Thu, Dec 21, 2006 - Page 8 News List

The fictional 'status quo,' Part 2

By June Teufel Dreyer

The US has gone on record as saying that it is in favor of a solution to the complex relationship between Taiwan and China that has the assent of the Taiwanese people, which would represent a change in the "status quo."

One problem is that US policymakers themselves often do not seem to know or remember what US policy is.

As a case in point, in the Shanghai Communique, the US simply acknowledged the People's Republic of China's (PRC) claim that all Chinese people on either side of the Taiwan Strait believe that there is only "one China," of which Taiwan is a part.

In addition to acknowledging -- rather than accepting the PRC's claim -- the phrase contains another bit of verbal evasion: It said nothing about the views of many Taiwanese who don't believe that they are Chinese, but whose existence the US drafters were well aware of.

However, in September 1994, Mike McCurry, who served as State Department spokesperson during the administration of former US president Bill Clinton, was asked if he considered Taiwan a part of China.

He replied: "Absolutely. That's been a consistent feature of our `one China' policy."

There was an uproar. The statement was retracted and replaced with a statement that the US acknowledged the PRC's position that there was only "one China."

A decade and a change in administration later, in October 2004, US President George W. Bush's Secretary of State Colin Powell said that Taiwan did not have sovereignty and spoke of the US desire for reunification.

Again there was an uproar.

Chagrined State Department officials explained that a jet-lagged Powell had "misspoken" and quickly replaced a revised transcript of his remarks on the department's Web site.

In other contexts, Powell misspoke differently: He referred to Taiwan as a state twice in testimony to the Senate Foreign Relations Committee in March 2001.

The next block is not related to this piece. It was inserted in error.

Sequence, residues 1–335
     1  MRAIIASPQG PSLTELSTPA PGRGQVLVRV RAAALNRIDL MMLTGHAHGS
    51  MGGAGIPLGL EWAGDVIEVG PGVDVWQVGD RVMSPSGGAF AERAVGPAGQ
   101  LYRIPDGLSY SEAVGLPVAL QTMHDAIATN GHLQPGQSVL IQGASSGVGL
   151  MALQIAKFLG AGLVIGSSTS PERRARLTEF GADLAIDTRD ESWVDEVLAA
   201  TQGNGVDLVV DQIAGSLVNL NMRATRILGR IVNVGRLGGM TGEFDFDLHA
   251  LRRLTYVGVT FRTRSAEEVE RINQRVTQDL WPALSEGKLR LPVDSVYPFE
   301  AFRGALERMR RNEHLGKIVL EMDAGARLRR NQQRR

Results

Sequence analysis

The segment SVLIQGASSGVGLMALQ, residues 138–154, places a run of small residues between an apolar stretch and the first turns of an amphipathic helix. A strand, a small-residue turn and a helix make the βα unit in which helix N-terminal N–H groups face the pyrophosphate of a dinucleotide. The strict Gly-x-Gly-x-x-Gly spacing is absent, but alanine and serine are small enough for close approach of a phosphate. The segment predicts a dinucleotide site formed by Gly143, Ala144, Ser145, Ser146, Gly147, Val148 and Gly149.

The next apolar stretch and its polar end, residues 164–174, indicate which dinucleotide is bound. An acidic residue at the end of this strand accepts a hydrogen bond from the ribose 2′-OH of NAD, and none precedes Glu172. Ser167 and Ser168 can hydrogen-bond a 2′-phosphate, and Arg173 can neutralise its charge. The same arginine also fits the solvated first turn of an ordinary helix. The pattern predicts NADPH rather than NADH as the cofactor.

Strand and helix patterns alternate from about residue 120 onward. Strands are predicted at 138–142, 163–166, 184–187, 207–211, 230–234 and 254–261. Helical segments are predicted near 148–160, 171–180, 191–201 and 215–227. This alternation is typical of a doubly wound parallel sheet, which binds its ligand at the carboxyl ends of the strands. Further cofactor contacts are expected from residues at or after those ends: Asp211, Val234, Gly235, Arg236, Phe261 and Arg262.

Amusingly, even former US secretary of state Henry Kissinger, the architect of the "one China" policy, has sometimes slipped.

In a 1995 debate on William Buckley's Firing Line with Jason Hu (胡志強), the then director-general of Taiwan's Government Information Office, Kissinger several times referred to "the Republic of Taiwan" and had to be corrected by an embarrassed Hu.

Some US policymakers also seem confused by another bit of verbal trickery: The US position is that it does not support Taiwan independence. This is very different from saying that the US opposes independence. When verbal trickery tricks one's own officials, it may be time for clarification -- or at least better briefing.

The differences among joint communiques and documents allow a great deal of leeway in interpretation, creating opportunities for acrimonious reactions and dangerous situations.

For example, US Secretary of State Condoleezza Rice recently said that the three communiques which the US has signed with China acknowledge China's position that Taiwan is part of China, but added that the Taiwan Relations Act (TRA) pledges the US to maintain Taiwan's capability to defend itself against a Chinese military attack.

"I say to the Chinese all the time, those are a package, they cannot be separated," Rice said.

Although these documents do not say the same things, Rice nonetheless admonished that "we must all abide by the package and not try to change the status quo."

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